Unicompartmental knee arthroplasty (UKA) is now a well-established procedure in the armamentarium of an orthopaedic surgeon whose practice deals with managing the degenerating knee. Total knee arthroplasty (TKA) predominates in the management of knee osteoarthritis because it lies within the skills and competence of the generalist orthopaedic surgeon, has well-designed instrumentation, and the outcomes are reasonably predictable. The cost-effectiveness of UKA over TKA depends on the revision rates of the former, which tend to be higher than TKA . UKA requires a different philosophical approach . There are no soft tissue corrections permitted. Only the missing bearing surface is being replaced. The key is to restore the joint line accurately in all planes, which means matching the position of the meniscus. All the soft tissue ligaments are preserved, although Cartier allows the absence of an ACL when using a fixed-bearing implant [3, 4]. The underlying principle of UKA is that by restoring the native alignment of the knee, the remaining articular cartilage in the contralateral compartment of the knee becomes normally loaded and so stays healthy.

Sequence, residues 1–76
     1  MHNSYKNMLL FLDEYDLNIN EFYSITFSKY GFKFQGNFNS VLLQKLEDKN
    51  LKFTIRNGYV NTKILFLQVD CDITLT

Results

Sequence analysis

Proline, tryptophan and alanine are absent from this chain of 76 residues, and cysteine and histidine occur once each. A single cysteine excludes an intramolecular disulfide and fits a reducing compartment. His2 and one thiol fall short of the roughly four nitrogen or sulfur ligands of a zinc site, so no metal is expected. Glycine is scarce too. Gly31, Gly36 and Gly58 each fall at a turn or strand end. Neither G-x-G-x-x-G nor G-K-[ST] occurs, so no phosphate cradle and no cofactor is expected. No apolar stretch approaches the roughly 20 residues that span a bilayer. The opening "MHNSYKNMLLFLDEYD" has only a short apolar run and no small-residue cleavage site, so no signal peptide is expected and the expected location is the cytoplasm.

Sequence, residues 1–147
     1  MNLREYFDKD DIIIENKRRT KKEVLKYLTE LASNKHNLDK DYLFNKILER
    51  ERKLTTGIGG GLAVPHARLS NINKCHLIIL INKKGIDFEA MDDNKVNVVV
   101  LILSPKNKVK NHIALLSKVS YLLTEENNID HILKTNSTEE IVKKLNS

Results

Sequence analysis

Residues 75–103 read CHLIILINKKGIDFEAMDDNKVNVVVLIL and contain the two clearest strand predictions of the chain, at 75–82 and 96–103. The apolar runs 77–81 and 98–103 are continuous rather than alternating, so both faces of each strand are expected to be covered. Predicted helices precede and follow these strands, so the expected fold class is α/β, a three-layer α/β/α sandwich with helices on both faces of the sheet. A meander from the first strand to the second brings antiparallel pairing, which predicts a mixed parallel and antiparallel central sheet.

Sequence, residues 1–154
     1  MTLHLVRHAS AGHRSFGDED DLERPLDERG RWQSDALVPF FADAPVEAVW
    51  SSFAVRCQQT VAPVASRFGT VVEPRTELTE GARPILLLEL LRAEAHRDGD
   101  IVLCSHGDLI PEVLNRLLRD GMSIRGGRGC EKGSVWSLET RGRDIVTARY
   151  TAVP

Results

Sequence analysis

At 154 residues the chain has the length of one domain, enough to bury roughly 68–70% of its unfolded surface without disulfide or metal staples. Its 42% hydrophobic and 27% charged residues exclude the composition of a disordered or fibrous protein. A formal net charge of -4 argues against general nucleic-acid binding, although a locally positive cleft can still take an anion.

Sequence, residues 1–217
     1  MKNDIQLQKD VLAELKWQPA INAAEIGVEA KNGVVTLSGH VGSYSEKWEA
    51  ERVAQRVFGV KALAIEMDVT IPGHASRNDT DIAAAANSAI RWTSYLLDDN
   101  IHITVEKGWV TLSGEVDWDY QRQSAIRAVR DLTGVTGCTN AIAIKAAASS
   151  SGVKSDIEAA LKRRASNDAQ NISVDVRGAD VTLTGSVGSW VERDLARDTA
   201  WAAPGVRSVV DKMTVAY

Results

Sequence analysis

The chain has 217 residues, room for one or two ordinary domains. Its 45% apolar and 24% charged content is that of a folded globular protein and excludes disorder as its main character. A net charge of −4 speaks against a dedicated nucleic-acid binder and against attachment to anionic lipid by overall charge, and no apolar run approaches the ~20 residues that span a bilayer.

|Title of host publication||ESSKA Instructional Course Lecture Book|
|Subtitle of host publication||Glasgow 2018|
|Editors||Gino M. M. J. Kerkhoffs, Fares Haddad, Michael T. Hirschmann, Jón Karlsson, Romain Seil|
|Publisher||Springer Berlin / Heidelberg|
|Number of pages||13|
|Publication status||Published - 2018|